California legislation designed to alter transparency laws that have had a “chilling effect” on bond measure passage cleared its first hurdle.
The Senate’s Governance and Finance Committee approved Senate Bill 532 by a 5-1 vote Wednesday, the bill will now move to the Elections and Constitutional Amendments Committee.
State Sen. Scott Wiener, D-San Francisco, who introduced the legislation in February, said he voted for the second of the two transparency bills, approved in 2015 and 2017, but they have not had the intended effect.
Wiener’s bill would allow information about the financial impact of ballot measures to be placed in the voter information guide, rather than having to fit all the information on a 75-word ballot.
“It’s vital that voters clearly understand the impacts of ballot measures, which are essential to raising funds for critical services, like transportation, housing, schools and public safety,” Wiener said. “By giving cities, school districts and other local government agencies more space to explain how a measure works financially, this good government bill gives voters a more accurate sense of how a ballot measure will affect them.”
Lawmakers approved Assembly Bill 809 in 2015, requiring ballot measures that increase taxes to include in the ballot language “the amount of money raised annually and the rate and duration of the tax to be levied.” Lawmakers then approved Assembly Bill 195 in 2018 applying the requirement to bond measures.
While well-intentioned, these changes present massive — and at times insurmountable — challenges for public entities that are legally required to rely on ballot measures to raise critical funds, especially for infrastructure projects, according to Wiener’s release on the measure.
“These local governments often raise funds using complex, tiered tax structures and bond measures, and describing that financial structure can take up all or most of the 75-word ballot, leaving little to no room to explain how the new taxes or bonds will actually be spent to benefit the local community,” Wiener said.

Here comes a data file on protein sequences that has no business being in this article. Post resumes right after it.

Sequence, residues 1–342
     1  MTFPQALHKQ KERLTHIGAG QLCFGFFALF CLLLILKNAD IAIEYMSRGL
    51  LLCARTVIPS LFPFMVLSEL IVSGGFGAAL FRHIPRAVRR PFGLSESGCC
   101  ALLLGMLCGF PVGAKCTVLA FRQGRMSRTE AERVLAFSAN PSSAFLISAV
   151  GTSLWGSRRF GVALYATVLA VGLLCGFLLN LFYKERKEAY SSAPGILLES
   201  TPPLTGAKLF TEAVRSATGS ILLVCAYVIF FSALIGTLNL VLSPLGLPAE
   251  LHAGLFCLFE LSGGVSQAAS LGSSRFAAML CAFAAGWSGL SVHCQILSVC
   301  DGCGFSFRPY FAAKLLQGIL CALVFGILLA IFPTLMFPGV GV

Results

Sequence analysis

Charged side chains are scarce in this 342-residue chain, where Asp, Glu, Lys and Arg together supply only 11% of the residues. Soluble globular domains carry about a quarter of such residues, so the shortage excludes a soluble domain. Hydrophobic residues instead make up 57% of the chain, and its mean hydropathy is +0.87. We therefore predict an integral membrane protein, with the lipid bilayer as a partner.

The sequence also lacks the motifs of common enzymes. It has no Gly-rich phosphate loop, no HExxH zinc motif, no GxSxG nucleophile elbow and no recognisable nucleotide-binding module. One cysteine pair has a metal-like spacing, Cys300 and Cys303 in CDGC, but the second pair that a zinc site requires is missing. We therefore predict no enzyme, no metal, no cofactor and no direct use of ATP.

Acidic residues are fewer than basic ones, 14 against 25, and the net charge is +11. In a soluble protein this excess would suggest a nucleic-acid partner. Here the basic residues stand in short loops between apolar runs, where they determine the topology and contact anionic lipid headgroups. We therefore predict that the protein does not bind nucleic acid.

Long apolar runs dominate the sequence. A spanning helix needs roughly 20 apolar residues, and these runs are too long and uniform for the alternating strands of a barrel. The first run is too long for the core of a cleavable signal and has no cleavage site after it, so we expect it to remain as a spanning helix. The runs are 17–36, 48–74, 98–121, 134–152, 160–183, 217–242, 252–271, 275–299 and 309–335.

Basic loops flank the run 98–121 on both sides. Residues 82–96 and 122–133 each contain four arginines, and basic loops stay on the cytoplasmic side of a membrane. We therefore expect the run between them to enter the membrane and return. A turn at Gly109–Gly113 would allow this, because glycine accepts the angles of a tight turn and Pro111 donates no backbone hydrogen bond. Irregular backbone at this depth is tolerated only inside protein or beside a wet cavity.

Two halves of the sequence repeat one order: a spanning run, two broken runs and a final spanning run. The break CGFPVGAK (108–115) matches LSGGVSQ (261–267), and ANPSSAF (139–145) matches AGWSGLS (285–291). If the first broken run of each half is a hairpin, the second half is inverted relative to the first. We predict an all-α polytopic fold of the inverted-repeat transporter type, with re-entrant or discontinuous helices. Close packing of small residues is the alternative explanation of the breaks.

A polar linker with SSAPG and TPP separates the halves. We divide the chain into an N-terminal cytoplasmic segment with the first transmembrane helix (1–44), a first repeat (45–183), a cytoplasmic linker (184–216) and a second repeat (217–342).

Polling has shown a 5% to 15% decrease in support for ballot measures as a result of the changes, according to the legislation.
Agencies responded, Wiener said, by considering less progressive tax structures, less flexible bond measures to fund projects, or in some cases held off on placing measures on the ballot.
“Since the passage of the bills mentioned by the author, we have seen a chilling effect on bonds with tiered tax rates,” Christoph Mair, a legislative advocate for the American Federation of State, County and Municipal Employees, testified during the hearing. “Bonds with tiered tax rates are important in communities where we are trying to encourage equity.”
Rebekah Kalleen, a legislative advocate for the Coalition for Adequate School Housing, also testified in favor of the change, saying, voters are confused by the new ballot label requirement, which does not make sense for bonds.
“We need to provide accurate information that voters can understand, and the best place to do that is in the voter information guide,” Kalleen said. “We don’t think it’s transparent to provide information without context that we know confuses voters.”
Opponents of the measure, like the anti-tax Howard Jarvis Taxpayers’ Association, say moving the information to the voter guide reduces transparency a Senate analysis noted. Gov. Gavin Newsom vetoed Senate Bill 268, a similar bill floated by Wiener in 2019.
“I know this bill was double-referred and comes to the elections committee next, so I am going to lay off today and continue conversations with the author — but I am very troubled by the bill,” said Sen. Steve, Glazer, D-Orinda. “I know the intentions of the author and the supporters are good, but I have worked on measures here and across the country to create more transparency.”
If the 75-word length of the ballot measure is the issue, he said, then maybe the Senate needs to address that.
“This is not about reducing transparency or hiding the ball,” Weiner said. “We have data that the passage rates have gone down since these passed. We know there are school districts that are not going to ballot, because with the new law, the language is so atrocious.”